Which it did. The judgement issued today can be read here.

Caroline Bell speculates that a decision against the UK might have dramatic consequences:

In terms of trade talks, an adverse judgment would probably mean the City could kiss goodbye to any sort of enhanced equivalence (which Brussels is not willing to grant anyway) and even basic equivalence for financial services could be an issue. But for every blow the EU tries to strike here, the UK is in a position to retaliate much harder against EU financial institutions, so the outcome is again likely to be neutral. Does anyone even expect there to be a financial service agreement with the EU anymore? The EU’s action against the Swiss in this area to try to bring them to heel has badly backfired, and would do so if they applied the same tactics on the UK.

I know that quite a few of our readers work in the legal and financial fields. Is there anything to this story? What effect will the verdict on Case C‑276/19 have?

1I think it was the humourist Alan Coren who said that since the bestseller charts back then in the 70s always seemed to be topped by sex books, WWII books and golf books, his next book ought to be about sex-mad golfing Nazis. Edit: I had misremembered. Alan Peakall and Mr Ed have pointed out the existence of Golfing for Cats, pub. 1976. How many publishers would dare have that cover today?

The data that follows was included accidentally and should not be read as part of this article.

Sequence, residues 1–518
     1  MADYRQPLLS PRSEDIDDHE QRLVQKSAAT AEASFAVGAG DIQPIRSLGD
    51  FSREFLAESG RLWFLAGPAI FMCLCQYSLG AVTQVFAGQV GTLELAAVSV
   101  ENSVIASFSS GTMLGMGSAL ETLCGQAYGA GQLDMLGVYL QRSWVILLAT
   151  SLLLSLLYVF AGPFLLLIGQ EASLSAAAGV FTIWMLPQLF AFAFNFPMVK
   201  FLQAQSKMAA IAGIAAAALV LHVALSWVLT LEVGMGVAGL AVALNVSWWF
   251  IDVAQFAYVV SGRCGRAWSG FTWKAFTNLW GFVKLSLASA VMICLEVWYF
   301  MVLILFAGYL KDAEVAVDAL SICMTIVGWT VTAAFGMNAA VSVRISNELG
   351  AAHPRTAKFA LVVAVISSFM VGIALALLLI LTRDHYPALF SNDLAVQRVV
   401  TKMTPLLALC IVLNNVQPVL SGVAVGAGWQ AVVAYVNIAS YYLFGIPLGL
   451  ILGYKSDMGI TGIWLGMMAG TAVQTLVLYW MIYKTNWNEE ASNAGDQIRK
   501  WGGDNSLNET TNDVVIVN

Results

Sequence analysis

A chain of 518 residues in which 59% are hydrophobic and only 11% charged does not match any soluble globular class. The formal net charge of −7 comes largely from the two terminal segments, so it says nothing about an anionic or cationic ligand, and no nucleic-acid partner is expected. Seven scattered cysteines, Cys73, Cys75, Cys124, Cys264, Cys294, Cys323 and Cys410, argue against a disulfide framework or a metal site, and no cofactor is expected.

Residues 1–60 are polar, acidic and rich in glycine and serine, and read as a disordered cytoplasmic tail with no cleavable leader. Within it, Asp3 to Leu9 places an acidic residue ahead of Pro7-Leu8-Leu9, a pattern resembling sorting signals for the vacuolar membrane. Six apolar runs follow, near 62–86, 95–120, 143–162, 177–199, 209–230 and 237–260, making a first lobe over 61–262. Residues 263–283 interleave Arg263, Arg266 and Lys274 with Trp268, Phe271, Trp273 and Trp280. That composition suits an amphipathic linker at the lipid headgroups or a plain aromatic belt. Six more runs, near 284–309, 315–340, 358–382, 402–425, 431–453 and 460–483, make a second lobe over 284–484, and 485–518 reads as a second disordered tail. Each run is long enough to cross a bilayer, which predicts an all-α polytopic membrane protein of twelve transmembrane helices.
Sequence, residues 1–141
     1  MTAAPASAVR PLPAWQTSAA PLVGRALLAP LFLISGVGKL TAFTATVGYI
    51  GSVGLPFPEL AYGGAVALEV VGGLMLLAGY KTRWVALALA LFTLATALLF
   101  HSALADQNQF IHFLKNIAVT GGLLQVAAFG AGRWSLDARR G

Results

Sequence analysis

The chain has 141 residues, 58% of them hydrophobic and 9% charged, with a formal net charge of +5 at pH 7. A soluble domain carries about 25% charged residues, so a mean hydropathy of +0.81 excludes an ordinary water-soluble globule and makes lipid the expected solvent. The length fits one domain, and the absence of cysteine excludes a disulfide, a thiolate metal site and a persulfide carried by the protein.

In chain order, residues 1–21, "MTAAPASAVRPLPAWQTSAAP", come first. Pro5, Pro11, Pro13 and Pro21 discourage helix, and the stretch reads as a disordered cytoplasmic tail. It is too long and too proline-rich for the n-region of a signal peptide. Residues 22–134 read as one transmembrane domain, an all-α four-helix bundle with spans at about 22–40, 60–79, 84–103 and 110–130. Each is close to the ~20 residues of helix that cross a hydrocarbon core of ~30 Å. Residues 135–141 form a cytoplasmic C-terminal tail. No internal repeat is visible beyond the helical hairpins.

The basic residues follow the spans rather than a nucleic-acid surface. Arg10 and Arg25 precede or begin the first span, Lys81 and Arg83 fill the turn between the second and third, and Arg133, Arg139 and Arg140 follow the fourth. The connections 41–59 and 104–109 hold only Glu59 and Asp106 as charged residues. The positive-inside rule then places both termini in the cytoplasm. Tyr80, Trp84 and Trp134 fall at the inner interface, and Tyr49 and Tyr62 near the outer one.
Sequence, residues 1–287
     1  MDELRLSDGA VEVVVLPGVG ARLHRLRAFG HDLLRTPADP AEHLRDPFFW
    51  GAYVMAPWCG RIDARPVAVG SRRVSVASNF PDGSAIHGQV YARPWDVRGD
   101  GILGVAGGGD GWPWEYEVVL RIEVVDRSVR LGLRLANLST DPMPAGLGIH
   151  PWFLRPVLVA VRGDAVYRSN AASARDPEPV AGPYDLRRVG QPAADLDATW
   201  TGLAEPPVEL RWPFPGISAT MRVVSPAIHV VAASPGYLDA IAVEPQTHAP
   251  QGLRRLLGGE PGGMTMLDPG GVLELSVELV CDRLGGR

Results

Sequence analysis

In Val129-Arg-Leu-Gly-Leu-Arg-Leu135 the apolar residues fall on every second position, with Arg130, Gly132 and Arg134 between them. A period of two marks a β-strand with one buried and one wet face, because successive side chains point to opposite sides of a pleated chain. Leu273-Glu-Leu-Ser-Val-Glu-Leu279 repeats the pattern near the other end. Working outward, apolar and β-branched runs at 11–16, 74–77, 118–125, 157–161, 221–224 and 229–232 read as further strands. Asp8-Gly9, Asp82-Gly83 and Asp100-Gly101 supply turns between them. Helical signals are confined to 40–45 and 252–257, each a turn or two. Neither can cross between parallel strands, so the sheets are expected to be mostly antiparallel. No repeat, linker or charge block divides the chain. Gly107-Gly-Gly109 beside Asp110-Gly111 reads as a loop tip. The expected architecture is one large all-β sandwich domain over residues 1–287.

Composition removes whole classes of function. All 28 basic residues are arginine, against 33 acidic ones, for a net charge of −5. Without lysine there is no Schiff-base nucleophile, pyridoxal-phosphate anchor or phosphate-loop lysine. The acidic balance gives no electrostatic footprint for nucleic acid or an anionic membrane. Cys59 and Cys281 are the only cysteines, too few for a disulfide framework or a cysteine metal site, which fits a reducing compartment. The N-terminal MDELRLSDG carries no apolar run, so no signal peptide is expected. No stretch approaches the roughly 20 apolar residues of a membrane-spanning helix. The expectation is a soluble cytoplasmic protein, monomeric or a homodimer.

2A wish shared by most of Planet Earth in 1945.

Of what crimes do the contents of your bookshelves convict you?

My mother was in her early teens in World War II. I once asked her what it was like not to know who would win. Alas, I cannot remember in detail how she answered, but among the things she said was that she did not speculate about it much because any such discussion would have been instantly quashed by her father, a former soldier, with some words along the lines of “There will be no defeatist talk in this family, young lady!”